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[ 20-01-2011 ]

Scottish Chambers of Commerce have today (Thursday) released their Business Survey results for the fourth quarter of 2010.  The survey, conducted in conjunction with the University of Strathclyde’s Fraser of Allander Institute, shows the Scottish economy was slowing in the fourth quarter, before the onset of the harsh winter weather, and suggests that 2011 will deliver fresh challenges for the recovery in Scotland. 

Garry Clark, Head of Policy and Public Affairs at Scottish Chambers of Commerce, said: 

“Our survey shows that the slowdown of the economic recovery we noted in the third quarter of 2010 continued to the end of the year.  Whilst the severe December weather clearly had an impact on activity, there are a number of more important issues affecting Scottish business that require to be addressed in 2011 if the recovery is to continue and strengthen.

“On the positive side, the Scottish manufacturing sector continues to perform strongly, with exports holding up particularly well.  This reinforces the importance of the sector in leading an export led recovery and highlights the need to continue efforts to boost international trade links for Scottish business.  However other sectors continue to experience challenging trading conditions and there remains no sign of any general economic upturn in the near future.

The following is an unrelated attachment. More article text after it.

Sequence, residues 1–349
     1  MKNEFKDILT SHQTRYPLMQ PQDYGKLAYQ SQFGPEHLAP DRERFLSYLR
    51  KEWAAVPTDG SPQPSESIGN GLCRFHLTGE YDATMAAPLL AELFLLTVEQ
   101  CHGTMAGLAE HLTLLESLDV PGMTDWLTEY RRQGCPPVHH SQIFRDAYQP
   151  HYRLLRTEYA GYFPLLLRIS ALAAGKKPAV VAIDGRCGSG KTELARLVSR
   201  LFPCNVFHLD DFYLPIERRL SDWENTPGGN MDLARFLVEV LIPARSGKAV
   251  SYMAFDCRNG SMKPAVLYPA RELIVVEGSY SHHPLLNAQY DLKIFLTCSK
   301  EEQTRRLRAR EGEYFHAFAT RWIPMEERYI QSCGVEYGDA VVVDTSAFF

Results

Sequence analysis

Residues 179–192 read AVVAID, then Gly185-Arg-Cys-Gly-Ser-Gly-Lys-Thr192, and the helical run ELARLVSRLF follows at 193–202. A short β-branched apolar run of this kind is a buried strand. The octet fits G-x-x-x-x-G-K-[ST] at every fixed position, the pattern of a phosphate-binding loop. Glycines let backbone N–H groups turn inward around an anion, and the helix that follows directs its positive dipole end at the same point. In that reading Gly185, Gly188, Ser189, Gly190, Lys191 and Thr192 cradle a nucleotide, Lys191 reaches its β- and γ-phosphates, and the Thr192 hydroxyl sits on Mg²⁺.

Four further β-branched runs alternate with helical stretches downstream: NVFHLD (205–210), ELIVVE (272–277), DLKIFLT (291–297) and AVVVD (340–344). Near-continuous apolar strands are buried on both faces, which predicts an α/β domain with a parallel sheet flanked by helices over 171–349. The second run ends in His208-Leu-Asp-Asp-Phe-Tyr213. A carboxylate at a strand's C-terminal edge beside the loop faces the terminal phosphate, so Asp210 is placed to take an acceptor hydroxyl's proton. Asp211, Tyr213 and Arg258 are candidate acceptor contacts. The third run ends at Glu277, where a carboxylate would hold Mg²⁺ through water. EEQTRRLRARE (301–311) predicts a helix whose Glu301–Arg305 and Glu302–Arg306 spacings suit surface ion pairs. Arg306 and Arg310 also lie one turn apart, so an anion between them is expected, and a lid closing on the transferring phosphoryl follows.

“Business confidence remains weak across the board and it is clear that the cuts in public spending are having an increasing impact on trade and future expectations.  There is evidence that those businesses which work with the public sector are more pessimistic than those which predominantly trade with the private sector. 

“2011 will be a year in which both businesses and consumers will have to manage rising inflation as a result of the VAT increase and higher energy, transport and raw material costs.  Against this background, businesses and consumers are looking for the UK and Scottish Governments to do more than simply implement cuts – we need evidence of policies designed to help industry and businesses to grow.  For businesses and consumers throughout Scotland, action to tackle the high levels of tax on fuel is long overdue and a solution must be found to the inordinate effect this has on the Scottish economy.  A fuel duty regulator would be a fair solution. 

“This is a time for burdens on business to be reduced rather than increased, if the private sector is expected to create new jobs, then legislation that damages the ability to compete and grow must be avoided.  Plans to add to the raft of employment legislation and subject large retail employers to supplementary business rates will only hinder the recovery, not aid it.” 

Click here to view the quarter 4 results.